Editor’s note: Jay Kirsch is the President of AOL’s Business, Technology & Entertainment Group, which includes properties such as TechCrunch, Engadget, Autoblog, DailyFinance and Moviefone among others. Follow him on Twitter @jaykirsch.
The church and state metaphor is referenced almost daily in the business of monetizing journalism. For the most part, when episodes like the CNET debacle happen, the damage to journalistic integrity (the church in the metaphor) is the center of attention. That makes sense since writers make their livings on that reputation and want to take it with them to their next outlets. What is frequently ignored, however, is the damage to the state: properties like TechCrunch, Engadget, Autoblog or CNET.
In the short-term, there will always be reasons to cave in and mold editorial to the needs of the business. Winning a specific ad campaign, getting more distribution or helping to support a lawsuit all have measurable, short-term benefits to media companies. But in the long-term, you’ve started the process of destroying asset value in a less clear, less measurable way.
I’m not talking about the other overused metaphor, the slippery slope, where you lose readers because ad dollars are buying your opinion. The truth is, only a very small percentage of CNET readers will ever hear about this issue, and most of them won’t care.
The real slippery slope works more like this. First, you lose the trust of your editorial team, which counts on management to give them the resources and freedom to create great content. Then they lose the passion for the product they work on, which is likely the biggest reason they do it. Then they leave and you can’t recruit great writers anymore. Then your audience leaves. Then your advertisers leave. Then you are out of business.
While your personnel exodus is in process, your sales reps are getting beat up by clients who want to know why their product is getting a bad review. Maybe they should sue you and then the bad review would come down. Last month sales may have been pissed about the coverage of their client, but now they are begging to start a sales call without apologizing for the product. Your distribution partners start dropping you because their editorial teams don’t want to work with you. Traffic falls. The link legacy that creates such great SEO starts to fall off, because you are no longer the paper of record. Traffic falls more. And during it all, your shareholders still expect you to grow earnings, so you cut costs — probably from editorial.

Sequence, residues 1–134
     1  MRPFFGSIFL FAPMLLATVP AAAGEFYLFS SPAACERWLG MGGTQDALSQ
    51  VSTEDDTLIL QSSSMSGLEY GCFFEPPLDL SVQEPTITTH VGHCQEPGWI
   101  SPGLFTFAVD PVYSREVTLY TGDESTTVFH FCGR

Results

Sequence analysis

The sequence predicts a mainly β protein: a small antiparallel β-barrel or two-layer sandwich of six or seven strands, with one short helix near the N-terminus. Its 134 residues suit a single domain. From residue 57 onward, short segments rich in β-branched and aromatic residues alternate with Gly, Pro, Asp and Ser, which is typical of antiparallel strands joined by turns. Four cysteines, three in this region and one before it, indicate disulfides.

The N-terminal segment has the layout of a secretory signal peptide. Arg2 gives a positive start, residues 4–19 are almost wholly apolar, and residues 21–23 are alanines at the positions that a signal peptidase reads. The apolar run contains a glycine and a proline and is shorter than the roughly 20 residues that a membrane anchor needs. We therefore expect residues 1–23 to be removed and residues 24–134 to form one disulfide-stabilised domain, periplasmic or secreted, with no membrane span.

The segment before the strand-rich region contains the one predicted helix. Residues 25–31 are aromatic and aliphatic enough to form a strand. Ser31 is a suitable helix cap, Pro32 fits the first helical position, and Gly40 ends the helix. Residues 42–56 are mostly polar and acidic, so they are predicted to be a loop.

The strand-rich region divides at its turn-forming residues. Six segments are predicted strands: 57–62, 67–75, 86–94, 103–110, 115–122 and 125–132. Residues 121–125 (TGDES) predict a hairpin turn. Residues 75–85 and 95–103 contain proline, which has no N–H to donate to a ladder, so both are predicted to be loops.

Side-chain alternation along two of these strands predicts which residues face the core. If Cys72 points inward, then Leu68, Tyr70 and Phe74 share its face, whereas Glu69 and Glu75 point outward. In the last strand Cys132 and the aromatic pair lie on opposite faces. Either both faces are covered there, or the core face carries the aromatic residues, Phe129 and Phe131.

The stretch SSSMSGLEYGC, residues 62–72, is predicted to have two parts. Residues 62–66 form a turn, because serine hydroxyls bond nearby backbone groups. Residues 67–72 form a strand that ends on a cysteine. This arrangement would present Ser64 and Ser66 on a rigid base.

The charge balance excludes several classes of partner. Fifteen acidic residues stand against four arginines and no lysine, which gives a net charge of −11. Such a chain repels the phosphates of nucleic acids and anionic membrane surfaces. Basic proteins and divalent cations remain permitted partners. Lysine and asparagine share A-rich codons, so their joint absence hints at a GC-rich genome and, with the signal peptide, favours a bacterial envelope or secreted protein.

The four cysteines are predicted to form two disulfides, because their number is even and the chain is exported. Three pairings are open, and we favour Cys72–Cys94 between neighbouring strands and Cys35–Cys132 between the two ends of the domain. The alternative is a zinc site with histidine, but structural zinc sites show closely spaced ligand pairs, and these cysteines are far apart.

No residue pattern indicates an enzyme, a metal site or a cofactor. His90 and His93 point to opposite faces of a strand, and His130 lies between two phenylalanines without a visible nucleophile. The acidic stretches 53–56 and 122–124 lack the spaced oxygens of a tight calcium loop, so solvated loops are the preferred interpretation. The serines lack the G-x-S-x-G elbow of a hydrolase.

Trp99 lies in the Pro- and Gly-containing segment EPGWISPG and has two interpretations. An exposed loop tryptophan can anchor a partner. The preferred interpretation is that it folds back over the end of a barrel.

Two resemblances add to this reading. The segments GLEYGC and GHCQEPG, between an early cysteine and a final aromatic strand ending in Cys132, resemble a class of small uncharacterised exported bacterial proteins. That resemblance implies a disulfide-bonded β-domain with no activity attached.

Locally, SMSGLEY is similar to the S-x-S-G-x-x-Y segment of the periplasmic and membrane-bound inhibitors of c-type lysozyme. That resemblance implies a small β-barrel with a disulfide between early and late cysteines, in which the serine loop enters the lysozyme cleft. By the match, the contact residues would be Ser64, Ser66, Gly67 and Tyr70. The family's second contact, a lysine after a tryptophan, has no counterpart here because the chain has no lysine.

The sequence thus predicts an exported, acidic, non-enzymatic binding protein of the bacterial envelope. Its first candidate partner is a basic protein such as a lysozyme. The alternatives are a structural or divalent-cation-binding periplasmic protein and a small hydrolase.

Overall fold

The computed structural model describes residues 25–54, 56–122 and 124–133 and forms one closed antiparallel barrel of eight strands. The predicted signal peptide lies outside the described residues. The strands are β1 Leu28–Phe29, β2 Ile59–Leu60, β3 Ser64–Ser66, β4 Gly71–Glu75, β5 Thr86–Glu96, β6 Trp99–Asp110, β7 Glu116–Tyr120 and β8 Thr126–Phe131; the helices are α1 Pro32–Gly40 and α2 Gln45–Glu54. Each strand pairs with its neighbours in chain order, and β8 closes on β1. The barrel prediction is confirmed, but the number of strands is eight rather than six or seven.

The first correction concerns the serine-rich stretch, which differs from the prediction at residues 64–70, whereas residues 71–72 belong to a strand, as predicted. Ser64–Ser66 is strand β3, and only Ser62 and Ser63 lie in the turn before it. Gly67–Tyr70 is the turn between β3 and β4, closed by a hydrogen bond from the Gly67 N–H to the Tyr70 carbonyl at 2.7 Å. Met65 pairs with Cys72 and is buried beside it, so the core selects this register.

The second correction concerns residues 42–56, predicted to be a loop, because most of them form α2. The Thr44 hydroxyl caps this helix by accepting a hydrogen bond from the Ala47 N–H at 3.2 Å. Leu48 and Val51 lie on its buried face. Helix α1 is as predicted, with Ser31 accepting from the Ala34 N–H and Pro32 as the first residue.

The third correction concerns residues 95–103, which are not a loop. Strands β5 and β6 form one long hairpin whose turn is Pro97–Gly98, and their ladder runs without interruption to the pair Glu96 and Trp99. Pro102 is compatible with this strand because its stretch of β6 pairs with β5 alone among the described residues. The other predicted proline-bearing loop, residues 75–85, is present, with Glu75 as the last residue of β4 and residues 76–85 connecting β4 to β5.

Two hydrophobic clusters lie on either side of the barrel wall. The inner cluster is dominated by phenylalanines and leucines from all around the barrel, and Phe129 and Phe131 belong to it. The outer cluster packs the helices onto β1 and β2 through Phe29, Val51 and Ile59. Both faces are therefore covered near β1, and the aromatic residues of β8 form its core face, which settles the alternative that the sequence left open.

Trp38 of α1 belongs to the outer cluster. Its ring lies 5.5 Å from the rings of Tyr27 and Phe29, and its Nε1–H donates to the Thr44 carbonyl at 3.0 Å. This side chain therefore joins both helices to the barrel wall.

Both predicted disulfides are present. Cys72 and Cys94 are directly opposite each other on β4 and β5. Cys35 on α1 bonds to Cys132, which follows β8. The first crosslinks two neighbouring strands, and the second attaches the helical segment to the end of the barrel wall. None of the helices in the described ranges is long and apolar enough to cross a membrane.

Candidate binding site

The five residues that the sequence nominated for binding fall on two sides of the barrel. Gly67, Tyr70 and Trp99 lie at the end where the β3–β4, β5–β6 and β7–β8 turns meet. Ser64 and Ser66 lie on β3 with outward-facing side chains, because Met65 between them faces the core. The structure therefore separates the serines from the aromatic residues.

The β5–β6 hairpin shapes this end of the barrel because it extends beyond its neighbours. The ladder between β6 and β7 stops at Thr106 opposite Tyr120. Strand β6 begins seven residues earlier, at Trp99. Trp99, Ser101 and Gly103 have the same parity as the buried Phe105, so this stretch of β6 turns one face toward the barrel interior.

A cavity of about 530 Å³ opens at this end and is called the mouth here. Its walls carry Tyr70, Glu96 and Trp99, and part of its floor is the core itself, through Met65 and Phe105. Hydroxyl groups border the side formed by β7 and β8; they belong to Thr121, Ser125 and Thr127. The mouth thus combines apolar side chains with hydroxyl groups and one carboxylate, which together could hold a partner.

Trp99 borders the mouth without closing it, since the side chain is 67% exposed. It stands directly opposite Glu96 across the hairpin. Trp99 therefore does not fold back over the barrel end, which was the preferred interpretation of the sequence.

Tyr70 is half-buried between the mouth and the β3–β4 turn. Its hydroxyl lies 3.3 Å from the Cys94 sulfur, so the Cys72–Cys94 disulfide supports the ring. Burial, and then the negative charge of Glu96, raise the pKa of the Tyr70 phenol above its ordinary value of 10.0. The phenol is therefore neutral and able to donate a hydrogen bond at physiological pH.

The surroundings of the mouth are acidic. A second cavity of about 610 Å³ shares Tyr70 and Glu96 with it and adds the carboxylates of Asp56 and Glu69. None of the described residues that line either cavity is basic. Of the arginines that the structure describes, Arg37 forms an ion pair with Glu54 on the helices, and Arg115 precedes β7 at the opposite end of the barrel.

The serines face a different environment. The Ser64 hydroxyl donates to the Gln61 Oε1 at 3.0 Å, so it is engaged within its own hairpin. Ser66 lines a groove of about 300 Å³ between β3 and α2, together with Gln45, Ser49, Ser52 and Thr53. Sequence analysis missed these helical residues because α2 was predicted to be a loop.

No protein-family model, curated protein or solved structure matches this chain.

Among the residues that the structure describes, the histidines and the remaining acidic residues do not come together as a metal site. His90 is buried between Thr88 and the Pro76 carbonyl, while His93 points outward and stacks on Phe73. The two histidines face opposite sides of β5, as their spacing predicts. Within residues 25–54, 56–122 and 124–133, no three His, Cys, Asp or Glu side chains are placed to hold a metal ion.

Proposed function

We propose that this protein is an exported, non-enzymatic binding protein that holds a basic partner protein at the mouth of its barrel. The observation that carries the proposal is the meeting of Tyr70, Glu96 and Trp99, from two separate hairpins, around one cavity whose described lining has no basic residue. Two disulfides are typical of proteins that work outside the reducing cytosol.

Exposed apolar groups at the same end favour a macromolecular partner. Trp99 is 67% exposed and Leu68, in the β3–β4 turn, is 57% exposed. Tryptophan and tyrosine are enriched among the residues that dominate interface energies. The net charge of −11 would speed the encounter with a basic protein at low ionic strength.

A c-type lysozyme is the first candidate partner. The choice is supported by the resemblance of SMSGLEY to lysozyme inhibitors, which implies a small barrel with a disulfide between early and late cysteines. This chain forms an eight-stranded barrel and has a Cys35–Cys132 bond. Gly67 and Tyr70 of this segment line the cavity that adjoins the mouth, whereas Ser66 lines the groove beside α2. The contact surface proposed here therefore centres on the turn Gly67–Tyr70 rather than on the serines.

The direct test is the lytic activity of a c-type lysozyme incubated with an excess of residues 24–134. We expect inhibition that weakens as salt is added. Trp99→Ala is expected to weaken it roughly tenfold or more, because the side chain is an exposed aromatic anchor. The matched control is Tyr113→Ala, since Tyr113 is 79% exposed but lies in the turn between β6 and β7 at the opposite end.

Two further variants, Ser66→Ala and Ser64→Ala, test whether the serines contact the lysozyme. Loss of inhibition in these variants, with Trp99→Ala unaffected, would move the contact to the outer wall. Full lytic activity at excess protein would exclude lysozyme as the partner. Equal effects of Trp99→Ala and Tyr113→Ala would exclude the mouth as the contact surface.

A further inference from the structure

When I learned about the CNET story, I sent a note to Tim Stevens at Engadget, as well as Eric Eldon and Alexia Tsotsis at TechCrunch. I told them that I actually laughed when thinking about the hypothetical phone call I’d make to any one of them telling them not to review Company X because AOL was involved in a lawsuit with them. The phone conversation would have probably gone something like this:
“Tim. Hi, it’s Jay. So, I need you to take down the review of that smartphone. It seems AOL is in a lawsuit with them and, well, it wouldn’t look so good if we said it was the greatest thing in the world.”
“Ha, that’s a good one Jay [several seconds of laughter]. No, seriously, what’d you call for?”
Tim is far more polite than Eric or Alexia, so I don’t even want to speculate how either of them would have responded. But the end result would be the same; the review would remain on the site. To Michael Arrington’s point, if I really pushed the issue and actually took down the review myself (or had an engineer do it since I don’t know how to use the CMS), the same content would have been on every social network in the world in minutes.
The church/state metaphor works. It also proves the futility of what CBS management was trying to do. Religions almost always survive the downfall of the states with which they coexist. Journalists, more now than ever before, will always be able to have a voice, even if the business they are part of, its state, gets taken down. Don’t worry as much about the church — it will keep rolling along. But once the state gets toppled, it is down permanently.